Computerized ‘Predictive Policing’

SDO ready to be placed on Atlas rocket for launch.

Image via Wikipedia

“The only way for us to continue to have crime reduction is to start anticipating where crime is going to occur.”

‘The idea: Although no one can foresee individual crimes, it is possible to forecast patterns of where and when homes are likely to be burgled or cars stolen by analyzing truckloads of past crime reports and other data with sophisticated computer algorithms…’


Predicting the Future through Social Mood

There’s a hidden connection between financial markets and social mood. Even if you’re not interested in investing, understanding these connections can help you predict where society and the economy are headed.

One of the most consistently  useful analytical tools for uncovering this connection is the Elliott Wave Theory developed in the 1930s. Its ability to predict the future has been nothing short of uncanny.

Comet-Sun Impact On Video

‘On the evening of Tuesday, July 5, a comet flew into the sun. Such comets are not unusual, and they’re called “sungrazers” since they come so close to the star that it is believed they evaporate and disappear. However, no one has actually seen the end of that journey, since the comets are best seen in cameras from SOHO (SOlar and Heliospheric Observatory) that block out the bright disk of the sun itself.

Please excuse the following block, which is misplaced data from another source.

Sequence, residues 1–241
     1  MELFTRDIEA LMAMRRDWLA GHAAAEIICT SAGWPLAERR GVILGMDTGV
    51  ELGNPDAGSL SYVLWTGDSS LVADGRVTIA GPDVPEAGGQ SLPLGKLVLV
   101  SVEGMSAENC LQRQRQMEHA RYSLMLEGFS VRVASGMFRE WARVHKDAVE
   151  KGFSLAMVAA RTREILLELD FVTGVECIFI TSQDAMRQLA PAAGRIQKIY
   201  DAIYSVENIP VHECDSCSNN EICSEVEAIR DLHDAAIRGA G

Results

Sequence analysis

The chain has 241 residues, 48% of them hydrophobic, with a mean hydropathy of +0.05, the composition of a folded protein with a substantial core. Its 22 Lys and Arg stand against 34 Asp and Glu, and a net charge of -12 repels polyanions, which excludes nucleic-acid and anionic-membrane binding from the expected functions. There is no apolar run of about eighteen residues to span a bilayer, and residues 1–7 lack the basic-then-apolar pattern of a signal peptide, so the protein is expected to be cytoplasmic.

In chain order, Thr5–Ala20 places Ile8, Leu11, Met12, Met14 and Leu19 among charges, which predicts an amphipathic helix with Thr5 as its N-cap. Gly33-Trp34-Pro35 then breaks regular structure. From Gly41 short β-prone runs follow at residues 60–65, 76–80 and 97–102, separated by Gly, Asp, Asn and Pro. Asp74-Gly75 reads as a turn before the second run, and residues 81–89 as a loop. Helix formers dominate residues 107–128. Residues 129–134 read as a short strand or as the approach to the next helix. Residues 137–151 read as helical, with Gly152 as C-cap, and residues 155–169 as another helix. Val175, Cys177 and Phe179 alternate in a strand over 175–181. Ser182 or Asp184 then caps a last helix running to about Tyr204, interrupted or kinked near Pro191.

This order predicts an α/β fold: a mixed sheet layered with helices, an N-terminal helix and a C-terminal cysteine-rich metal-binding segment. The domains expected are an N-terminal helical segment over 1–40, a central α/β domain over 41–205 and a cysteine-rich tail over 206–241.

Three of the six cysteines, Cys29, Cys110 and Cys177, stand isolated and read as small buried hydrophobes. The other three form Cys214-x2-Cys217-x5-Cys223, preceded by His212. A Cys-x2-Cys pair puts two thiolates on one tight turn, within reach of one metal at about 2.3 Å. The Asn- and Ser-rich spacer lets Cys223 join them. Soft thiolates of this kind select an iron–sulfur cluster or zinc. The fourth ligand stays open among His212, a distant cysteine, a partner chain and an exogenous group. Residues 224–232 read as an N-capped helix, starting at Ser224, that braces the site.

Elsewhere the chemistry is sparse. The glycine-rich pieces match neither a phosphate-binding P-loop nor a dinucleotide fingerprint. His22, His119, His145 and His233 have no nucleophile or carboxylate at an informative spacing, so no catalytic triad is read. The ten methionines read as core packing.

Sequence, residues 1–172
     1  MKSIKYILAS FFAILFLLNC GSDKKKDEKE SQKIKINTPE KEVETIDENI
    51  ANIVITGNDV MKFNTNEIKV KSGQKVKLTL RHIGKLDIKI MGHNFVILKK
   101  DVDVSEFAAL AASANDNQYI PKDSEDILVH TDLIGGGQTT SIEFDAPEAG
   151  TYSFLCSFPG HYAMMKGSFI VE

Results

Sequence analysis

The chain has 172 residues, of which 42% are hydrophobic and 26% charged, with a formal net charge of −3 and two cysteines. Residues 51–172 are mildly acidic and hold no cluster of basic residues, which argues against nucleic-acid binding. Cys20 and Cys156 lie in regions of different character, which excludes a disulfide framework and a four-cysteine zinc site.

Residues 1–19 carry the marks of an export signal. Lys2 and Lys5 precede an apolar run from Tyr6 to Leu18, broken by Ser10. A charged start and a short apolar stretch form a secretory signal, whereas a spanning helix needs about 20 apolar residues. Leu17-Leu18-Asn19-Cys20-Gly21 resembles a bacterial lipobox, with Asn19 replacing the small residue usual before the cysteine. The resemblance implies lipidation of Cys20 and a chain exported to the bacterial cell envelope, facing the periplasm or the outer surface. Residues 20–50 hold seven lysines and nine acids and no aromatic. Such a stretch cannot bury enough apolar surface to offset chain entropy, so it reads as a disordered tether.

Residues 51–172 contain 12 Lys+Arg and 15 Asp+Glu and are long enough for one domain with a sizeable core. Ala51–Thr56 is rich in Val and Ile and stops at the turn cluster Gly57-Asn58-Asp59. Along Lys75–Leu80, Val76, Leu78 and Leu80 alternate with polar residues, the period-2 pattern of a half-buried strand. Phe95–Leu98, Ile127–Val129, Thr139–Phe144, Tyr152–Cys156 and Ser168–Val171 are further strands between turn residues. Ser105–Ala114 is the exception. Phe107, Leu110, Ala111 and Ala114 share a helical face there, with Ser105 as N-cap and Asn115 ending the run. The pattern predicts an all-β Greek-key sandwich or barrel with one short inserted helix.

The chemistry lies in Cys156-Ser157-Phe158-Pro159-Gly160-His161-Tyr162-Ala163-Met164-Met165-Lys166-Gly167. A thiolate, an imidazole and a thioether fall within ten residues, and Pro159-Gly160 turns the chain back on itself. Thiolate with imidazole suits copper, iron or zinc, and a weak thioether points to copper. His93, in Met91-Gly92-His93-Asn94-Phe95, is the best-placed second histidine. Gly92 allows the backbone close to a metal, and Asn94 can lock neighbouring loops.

‘But this was different. For the first time ever, SDO (Solar Dynamics Observatory) captured a 20-minute movie of the comet streaking directly in front of the sun. It’s not immediately obvious, but if you watch the movie closely, you’ll see a line of light appear in the right and move across to the left.

‘At its most basic, the movie has scientists excited since it’s a “first,” but additional analysis of the data may hold more clues about the fate of the comet. Most likely, given the intense heat and radiation, the comet simply evaporated away completely…’


About DigitalPlato

Poch is a Bookrix author and a freelance writer. He is a frequent contributor to TED Conversations.
This entry was posted in computer, CRIME, economy, law, Nature, science and technology, Society, TECHNOLOGY and tagged , , , , , . Bookmark the permalink.

4 Responses to Computerized ‘Predictive Policing’

  1. David Spira says:

    “The only way for us to continue to have crime reduction is to start anticipating where crime is going to occur.”

    That is deeply incorrect. We can also decriminalize acts that aren’t truly a public menace. Every time we make something illegal, we create a new group of criminals. Sometimes we should do it, sometimes we shouldn’t.


  2. pochp says:

    This isn’t a joke Amy. I haven’t seen the video yet!


  3. souldipper says:

    First time I could look at the sun!


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